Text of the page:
What We Know About The Death Of LaVoy Finicum That We Didn’t Know Before

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Authorities in Oregon have publicly revealed new information about the shooting of Oregon wildlife refuge standoff leader LaVoy Finicum at the hands of law enforcement that could have a major impact on the way the public views the entire confrontation that led to his death.

In announcing Tuesday that the fatal shooting of Finicum was justified, authorities also divulged that additional shots were fired in the incident, including two shots that were allegedly concealed by one or more FBI agents who are now under investigation.

The new information didn’t lead authorities to conclude the shootings were unjustified but it does help paint a clearer picture of what happened in the tense final moments before Finicum died.

Before Tuesday, the public knew (thanks to aerial footage released by the FBI of the incident) that Finicum had been stopped by law enforcement on a remote stretch of Oregon highway, that he drove his vehicle away from the scene, that he nearly hit a police barrier, stepped out of his vehicle, reached toward a weapon and was shot by Oregon State police.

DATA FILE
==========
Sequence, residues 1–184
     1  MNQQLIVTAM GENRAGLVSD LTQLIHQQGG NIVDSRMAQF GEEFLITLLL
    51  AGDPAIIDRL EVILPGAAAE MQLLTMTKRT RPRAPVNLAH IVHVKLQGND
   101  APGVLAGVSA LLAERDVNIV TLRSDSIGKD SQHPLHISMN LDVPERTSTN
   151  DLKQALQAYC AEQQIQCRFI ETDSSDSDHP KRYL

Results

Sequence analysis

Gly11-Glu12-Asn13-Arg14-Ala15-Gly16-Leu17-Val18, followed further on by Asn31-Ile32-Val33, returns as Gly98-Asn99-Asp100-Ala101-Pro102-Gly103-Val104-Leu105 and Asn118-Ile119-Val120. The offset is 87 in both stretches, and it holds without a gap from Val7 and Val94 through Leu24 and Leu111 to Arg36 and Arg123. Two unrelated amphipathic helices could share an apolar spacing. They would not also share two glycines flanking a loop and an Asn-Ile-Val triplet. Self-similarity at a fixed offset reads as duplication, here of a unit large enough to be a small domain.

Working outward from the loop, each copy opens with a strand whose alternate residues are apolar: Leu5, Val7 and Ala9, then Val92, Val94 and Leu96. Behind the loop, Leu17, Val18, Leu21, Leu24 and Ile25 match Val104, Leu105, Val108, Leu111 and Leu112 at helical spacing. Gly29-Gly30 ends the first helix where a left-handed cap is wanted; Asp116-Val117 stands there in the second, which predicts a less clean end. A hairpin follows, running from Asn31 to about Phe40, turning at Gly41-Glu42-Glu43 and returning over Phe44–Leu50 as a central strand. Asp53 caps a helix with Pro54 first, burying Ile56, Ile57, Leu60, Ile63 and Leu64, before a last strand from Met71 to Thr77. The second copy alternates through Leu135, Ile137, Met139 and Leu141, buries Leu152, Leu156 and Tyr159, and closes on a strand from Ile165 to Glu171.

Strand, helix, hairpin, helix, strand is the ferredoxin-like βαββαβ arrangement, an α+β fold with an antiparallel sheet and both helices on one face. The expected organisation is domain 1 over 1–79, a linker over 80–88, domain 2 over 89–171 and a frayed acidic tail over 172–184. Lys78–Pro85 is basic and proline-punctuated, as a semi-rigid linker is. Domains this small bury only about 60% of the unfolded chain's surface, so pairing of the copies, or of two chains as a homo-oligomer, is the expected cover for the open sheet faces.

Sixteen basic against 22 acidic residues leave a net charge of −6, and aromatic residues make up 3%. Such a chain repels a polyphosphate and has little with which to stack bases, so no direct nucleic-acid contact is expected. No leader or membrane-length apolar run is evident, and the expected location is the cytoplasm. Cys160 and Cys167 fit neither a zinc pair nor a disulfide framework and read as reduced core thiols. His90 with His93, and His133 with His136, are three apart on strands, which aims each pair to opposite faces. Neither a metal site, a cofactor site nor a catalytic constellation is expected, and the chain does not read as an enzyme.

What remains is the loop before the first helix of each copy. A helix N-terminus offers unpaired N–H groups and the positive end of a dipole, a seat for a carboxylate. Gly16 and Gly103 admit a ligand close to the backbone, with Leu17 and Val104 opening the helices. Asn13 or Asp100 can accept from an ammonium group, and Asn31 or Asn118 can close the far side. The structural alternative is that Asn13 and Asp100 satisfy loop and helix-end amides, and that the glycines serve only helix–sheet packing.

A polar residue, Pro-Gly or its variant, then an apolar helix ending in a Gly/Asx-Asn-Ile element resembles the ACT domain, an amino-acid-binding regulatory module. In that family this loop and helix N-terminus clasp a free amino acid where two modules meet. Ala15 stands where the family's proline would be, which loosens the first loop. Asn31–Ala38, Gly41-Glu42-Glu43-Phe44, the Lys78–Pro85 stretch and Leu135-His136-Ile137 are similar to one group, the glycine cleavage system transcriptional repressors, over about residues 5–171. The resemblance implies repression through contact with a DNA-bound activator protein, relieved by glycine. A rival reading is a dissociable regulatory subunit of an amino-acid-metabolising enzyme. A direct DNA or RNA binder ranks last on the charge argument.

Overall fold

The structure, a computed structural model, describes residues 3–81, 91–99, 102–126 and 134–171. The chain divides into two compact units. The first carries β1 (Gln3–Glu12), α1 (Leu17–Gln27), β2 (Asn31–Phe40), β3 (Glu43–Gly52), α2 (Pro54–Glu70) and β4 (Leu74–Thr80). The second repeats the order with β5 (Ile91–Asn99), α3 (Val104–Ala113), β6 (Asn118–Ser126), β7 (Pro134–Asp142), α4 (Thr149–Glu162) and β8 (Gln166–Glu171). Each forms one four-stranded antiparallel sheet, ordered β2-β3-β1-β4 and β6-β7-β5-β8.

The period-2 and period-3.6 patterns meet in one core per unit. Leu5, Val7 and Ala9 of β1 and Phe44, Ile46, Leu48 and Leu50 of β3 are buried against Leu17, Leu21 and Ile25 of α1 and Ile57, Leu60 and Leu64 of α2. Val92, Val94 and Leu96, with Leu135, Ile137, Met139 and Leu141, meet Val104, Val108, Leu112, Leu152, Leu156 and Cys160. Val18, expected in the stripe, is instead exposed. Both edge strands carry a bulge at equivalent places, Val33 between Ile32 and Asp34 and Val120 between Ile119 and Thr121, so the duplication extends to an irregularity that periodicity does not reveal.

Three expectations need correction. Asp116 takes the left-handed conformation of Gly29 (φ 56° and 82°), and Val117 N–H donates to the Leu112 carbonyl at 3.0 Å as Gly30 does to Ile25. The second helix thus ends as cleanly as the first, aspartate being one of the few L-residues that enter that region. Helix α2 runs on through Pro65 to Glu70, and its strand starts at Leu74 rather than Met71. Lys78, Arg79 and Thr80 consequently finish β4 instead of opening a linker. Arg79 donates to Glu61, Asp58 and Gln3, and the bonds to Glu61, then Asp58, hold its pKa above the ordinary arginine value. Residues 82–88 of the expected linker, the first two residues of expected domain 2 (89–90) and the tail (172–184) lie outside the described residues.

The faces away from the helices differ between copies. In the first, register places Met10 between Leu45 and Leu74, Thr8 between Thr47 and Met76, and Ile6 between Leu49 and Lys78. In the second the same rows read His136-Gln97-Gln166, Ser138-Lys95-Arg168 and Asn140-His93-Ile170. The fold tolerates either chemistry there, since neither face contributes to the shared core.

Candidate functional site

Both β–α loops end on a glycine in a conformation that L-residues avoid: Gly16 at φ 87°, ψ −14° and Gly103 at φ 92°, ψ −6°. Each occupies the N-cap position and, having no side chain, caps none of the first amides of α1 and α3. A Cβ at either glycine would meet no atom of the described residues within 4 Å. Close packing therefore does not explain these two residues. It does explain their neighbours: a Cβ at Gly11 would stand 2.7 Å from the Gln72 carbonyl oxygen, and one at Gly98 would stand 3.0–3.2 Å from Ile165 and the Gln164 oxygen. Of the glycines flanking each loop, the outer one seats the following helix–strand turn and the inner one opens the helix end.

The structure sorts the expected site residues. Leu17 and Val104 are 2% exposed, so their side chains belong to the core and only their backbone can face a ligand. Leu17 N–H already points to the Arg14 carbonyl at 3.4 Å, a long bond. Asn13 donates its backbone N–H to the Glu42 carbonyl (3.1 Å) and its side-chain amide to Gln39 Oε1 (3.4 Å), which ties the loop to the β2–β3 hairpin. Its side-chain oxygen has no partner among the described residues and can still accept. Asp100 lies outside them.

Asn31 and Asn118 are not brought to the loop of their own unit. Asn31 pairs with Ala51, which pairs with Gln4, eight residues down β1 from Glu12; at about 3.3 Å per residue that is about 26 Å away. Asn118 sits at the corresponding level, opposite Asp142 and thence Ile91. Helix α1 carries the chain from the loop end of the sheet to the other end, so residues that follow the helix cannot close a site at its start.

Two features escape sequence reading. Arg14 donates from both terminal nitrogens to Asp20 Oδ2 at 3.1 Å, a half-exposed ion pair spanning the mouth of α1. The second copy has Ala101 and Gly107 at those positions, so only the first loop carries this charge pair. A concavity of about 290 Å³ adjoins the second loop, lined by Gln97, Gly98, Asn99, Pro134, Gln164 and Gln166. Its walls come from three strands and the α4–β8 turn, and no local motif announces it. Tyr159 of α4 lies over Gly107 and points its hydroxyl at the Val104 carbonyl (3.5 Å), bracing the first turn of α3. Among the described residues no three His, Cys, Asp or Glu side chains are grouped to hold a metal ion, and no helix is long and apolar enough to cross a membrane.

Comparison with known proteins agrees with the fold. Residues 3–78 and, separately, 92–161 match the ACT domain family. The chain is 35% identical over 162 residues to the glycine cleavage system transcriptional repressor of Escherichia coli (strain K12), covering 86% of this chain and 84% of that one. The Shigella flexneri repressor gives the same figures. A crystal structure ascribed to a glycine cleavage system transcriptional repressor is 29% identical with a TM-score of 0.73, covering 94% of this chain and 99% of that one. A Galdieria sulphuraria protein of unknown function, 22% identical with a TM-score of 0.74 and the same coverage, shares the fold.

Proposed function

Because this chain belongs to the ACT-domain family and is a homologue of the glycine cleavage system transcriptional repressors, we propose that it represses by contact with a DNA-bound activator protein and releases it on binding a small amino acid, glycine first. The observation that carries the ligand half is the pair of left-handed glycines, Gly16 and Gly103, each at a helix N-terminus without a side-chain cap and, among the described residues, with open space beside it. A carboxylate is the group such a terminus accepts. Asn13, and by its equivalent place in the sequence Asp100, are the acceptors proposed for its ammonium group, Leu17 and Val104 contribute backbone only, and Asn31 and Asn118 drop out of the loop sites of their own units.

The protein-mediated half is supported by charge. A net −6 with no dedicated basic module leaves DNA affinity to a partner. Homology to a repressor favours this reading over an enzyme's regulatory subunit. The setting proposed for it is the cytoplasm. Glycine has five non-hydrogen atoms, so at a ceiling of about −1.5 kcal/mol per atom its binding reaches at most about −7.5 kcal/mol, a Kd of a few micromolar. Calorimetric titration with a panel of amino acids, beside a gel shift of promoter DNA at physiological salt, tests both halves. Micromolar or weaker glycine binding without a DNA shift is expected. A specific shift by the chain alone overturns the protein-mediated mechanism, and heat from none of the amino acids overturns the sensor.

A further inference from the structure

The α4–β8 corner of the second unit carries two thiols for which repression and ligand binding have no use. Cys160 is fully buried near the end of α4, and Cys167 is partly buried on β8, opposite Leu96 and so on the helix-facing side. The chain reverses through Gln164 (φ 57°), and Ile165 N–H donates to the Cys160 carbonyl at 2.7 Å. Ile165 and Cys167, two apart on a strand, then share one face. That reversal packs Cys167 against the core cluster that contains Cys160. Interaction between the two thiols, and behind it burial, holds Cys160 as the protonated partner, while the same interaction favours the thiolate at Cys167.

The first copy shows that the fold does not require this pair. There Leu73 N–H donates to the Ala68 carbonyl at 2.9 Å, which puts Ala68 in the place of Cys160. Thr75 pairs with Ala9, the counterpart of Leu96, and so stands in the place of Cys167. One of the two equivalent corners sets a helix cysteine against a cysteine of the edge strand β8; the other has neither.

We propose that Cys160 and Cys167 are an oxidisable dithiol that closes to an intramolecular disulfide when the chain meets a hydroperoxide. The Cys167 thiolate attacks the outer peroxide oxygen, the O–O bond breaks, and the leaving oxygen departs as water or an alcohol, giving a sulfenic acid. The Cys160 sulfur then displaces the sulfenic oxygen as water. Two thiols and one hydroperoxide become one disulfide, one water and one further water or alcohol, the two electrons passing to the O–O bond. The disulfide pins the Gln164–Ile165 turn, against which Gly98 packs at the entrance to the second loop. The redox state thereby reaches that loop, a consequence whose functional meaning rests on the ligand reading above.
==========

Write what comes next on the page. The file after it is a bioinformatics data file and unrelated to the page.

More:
But Tuesday, the public learned that in the course of the the deadly-force investigation it was discovered that the FBI had fired two additional shots during the incident and never reported them in interviews with investigators. As a result, the FBI’s Hostage Rescue Team is now under investigation by the U.S. Department of Justice and the Deschutes County Sheriff’s Office

“We look forward to working closely with the U.S. Attorney’s Office in Oregon, as well as state and local officials as we review this matter,” Department of Justice Inspector General Michael E. Horowitz said. “Because our investigation is ongoing, we will be unable to provide any further information until it is complete. We will publicly disclose our findings at that time.”

According to Sheriff Nelson, the FBI team may have lied to cover up that the weapon was discharged. Neither of the FBI shots hit Finicum nor were they believed to have contributed to Finicum’s death. However, the mere existence of the two bullets changes the optics of the entire incident from a completely justified confrontation to a more complicated law enforcement interaction.

During the course of the investigation into the January shooting, investigators found that they could not account for the source a rogue bullet hole found in the roof of the truck Finicum was driving.

While the FBI released silent video footage of the shooting just days after Finicum was killed, new footage obtained during the investigation that had been shot from the backseat of Finicum’s vehicle added new insight into the police confrontation that led to Finicum’s death.